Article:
A home inspection is a great tool for future planning, especially when purchasing an older home in need of upgrades. A detailed home inspection will provide the buyer with a “life expectancy” for certain items such as roofs, furnaces and appliances. A local home inspector will be able to inform the buyer of any local codes as they pertain to fencing laws, the addition of decks, etc. so that the home buyer may plan accordingly for future home improvements.

There are several avenues to finding a reputable home inspection company. Your real estate agent as well as your mortgage lender will undoubtedly be able to recommend one for you. Although you can typically trust a Realtor to provide you with a reputable contractor, you will also want to be aware of the source. The home inspector should be a licensed contractor in the state in which you are purchasing your home. They should be able to provide you with references, other than real estate agents. Other good sources for home inspectors include local Builder Associations, trade unions, the Chamber of Commerce- even your local hardware store may have a contractor advertising section. Home inspections will range in price according to the size and value of the home. Typically the average price for a home inspection is around $300. The emphasis should be on “professional” when looking for a home inspector. Though family members have good intentions, trusting a relative who “knows a lot about houses” is not a wise decision when dealing with your investment.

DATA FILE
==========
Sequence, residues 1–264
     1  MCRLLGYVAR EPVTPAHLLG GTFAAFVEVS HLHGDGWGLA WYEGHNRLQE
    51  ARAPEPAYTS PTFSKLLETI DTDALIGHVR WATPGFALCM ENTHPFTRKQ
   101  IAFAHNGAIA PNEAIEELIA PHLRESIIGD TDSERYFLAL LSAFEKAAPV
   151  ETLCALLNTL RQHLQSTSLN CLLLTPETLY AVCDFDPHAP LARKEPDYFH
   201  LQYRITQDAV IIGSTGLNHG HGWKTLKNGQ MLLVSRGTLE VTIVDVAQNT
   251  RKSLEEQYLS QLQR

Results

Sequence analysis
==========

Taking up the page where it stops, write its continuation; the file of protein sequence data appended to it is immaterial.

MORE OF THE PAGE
A home inspection is quite common in the real estate industry today. The majority of home purchase contracts will call out a home inspection as a contingency on the sale. Buyer beware, however, you must request this contingency as it is not an automatic clause. When purchasing a home it is a wise decision to invest a few hundred extra dollars in a home inspection. This small investment will help provide peace of mind when investing your life savings in a home.

Content provided by Helium Inc. This information is provided for your convenience; it is not indented as insurance advice. The views, opinions, and advice expressed in this article are solely those of the author and not those of Homesite Group Incorporated.


Fried Marketing

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 Marketing   is truly your life source in business. Marketing changes your life. In the real estate business your realtor is only as good as their marketing skills. Marketing changes the world.

So how do you do that? Well, you need to understand that everything starts with you and your values.

This is as true for individuals as it is for companies and brands. When you identify who you are, what you believe in, what you stand for, what you value, and then always act on those values, it makes life (and business) so much easier. Life still throws at you all the shit it always has, but you know exactly how to respond in a way that is true to you.                                                                                        NEVER STOP LEARNING


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Your brain on Real Estate


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Two heads are better then one

Hello out there in the world of real estate. My blog will consist of all the implicit challenges we face on a daily basis while “hustling” houses. I know that sounds defective but I must admit there are times when it feels just like that. Working as a realtor for ten years now after exiting a thirty year career as a cosmetologist is quite a call to take part in !

Lets come together and use our minds to share some interesting experiences.Lets try to explore options to help each other grow as entrepreneur’s. Share general information that you dealt with on your journey as a Realtor.  What kind of market are you working ? Write till your hearts content. Remember body , mind and spirit is the path to success !